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Investment delays slammed by RICS

By Claire Harrison

Governemnt delays in bringing capital investment projects to fruition are hitting hard on the public purse because of spiralling construction industry costs, it was warned today.

The Royal Institution of Chartered Surveyors (RICS) has outlined “significant concerns” about the handling of the second phase of the Investment Strategy for Northern Ireland (ISNI) which it says has not been delivered in line with industry expectations.

The organisation's Northern Ireland chairman, John Davidson, said that the longer the Strategy’s major public sector construction schemes are delayed, “the more they will likely cost the taxpayer as prices for construction materials, energy and transportation continue to escalate”.

Latest figures from the RICS's Building Cost Information Service (BCIS) show that building costs rose 4.6% in the year to the end of March. BCIS expects building material prices to rise ahead of general inflation (currently 3.8%) in the year ahead, with construction industry wage settlements expected to be agreed above inflation.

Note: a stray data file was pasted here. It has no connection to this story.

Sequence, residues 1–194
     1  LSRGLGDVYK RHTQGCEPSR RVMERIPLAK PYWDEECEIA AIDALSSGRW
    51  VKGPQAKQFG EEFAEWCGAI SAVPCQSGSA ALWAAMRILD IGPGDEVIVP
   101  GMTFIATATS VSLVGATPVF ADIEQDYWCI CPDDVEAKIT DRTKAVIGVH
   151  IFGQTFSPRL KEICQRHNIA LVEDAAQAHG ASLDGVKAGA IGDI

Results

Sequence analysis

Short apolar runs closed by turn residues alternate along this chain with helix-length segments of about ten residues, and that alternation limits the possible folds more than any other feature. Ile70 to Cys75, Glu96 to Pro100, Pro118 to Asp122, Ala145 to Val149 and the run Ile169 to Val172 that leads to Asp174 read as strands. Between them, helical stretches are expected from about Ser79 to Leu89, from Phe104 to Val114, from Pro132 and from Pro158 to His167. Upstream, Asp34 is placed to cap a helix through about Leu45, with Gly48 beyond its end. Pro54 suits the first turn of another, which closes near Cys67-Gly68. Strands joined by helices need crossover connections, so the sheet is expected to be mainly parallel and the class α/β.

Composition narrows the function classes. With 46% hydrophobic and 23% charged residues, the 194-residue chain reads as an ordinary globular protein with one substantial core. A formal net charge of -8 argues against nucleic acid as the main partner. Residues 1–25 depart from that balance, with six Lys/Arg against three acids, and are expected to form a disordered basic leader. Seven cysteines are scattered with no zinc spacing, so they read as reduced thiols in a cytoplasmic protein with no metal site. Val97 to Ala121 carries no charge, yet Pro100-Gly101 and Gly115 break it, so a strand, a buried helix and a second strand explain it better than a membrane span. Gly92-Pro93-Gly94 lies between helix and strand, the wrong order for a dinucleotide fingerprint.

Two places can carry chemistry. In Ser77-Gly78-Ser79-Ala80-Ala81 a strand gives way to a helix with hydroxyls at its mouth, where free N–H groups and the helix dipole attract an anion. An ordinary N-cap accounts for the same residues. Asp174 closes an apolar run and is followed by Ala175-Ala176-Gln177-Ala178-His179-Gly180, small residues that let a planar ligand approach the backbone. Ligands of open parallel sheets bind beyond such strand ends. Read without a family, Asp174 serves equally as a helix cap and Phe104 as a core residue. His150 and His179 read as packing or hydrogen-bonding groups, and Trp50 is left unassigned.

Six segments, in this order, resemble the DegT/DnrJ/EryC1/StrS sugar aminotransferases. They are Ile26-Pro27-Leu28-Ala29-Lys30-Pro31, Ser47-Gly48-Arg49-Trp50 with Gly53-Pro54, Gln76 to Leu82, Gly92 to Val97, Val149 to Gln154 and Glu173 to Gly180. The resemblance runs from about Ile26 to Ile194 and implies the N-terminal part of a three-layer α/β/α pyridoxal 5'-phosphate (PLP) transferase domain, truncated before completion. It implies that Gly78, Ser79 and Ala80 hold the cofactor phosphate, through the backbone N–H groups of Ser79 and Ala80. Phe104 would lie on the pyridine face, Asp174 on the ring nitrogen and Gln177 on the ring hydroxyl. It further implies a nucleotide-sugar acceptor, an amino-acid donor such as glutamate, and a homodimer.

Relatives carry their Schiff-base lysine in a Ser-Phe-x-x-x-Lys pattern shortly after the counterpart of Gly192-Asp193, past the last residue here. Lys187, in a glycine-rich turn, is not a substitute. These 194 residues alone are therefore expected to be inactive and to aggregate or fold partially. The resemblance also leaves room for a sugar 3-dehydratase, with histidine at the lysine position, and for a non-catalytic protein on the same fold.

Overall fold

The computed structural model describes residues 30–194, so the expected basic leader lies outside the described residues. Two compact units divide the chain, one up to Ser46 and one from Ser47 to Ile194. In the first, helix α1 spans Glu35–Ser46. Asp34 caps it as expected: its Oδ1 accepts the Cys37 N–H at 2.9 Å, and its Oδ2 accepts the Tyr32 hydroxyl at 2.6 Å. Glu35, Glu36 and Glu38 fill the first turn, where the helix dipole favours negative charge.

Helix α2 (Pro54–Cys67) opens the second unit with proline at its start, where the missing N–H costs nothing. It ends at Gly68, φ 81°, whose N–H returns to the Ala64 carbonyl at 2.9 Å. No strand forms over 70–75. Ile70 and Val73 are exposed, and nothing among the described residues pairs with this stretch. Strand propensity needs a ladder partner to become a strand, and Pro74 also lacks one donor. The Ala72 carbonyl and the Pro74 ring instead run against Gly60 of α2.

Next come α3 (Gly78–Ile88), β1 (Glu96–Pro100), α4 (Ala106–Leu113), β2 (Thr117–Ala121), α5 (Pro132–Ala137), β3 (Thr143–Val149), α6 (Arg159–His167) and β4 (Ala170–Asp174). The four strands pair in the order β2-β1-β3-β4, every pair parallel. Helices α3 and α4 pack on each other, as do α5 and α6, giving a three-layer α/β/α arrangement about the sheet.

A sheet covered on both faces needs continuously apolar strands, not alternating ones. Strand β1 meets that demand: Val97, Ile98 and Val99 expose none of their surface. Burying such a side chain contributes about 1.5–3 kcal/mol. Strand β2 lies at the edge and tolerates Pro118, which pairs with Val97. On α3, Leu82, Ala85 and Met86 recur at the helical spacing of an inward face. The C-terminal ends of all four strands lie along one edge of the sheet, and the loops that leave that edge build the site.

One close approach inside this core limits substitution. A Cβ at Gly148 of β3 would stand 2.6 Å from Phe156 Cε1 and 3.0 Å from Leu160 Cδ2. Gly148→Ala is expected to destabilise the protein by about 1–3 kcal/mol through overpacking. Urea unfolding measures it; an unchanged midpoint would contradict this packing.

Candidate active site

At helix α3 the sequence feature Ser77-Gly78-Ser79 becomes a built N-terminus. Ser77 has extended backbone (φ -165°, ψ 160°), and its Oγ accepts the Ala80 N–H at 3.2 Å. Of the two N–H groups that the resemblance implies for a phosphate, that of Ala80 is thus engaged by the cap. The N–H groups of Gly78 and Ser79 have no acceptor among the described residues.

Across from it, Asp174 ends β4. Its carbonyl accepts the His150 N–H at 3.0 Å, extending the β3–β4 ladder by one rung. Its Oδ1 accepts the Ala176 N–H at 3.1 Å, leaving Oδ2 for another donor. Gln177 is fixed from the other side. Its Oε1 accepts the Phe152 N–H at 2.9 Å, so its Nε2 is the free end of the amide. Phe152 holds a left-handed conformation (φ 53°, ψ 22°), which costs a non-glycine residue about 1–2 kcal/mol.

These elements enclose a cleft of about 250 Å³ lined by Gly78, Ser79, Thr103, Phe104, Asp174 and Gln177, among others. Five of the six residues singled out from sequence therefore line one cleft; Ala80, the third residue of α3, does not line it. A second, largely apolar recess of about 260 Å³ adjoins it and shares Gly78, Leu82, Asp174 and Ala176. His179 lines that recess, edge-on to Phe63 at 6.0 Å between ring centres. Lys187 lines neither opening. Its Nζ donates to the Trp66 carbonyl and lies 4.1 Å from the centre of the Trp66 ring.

Mr Davidson claimed that the second phase of ISNI projects has been “fraught with delays and the dilution of planned projects for a number of reasons”.

“This causes the industry significant problems, exacerbating the present downturn, and also won’t ensure best value for public money,” he said. “There could be a significant impact on long-term skills availability because firms that were depending on the timely delivery of this work might be forced to lay off staff who may then leave Northern Ireland for work elsewhere.”

He warned that the cost of the planned government construction projects is “inevitably rising”.

"Northern Ireland has limited resources and it is vital that best use is made of what is available to the Executive. Therefore we would urge the Executive to ensure that public construction schemes are brought on line as quickly as possible. Delays in doing so are impacting negatively on the health of the local construction sector and on the public purse,” he added.

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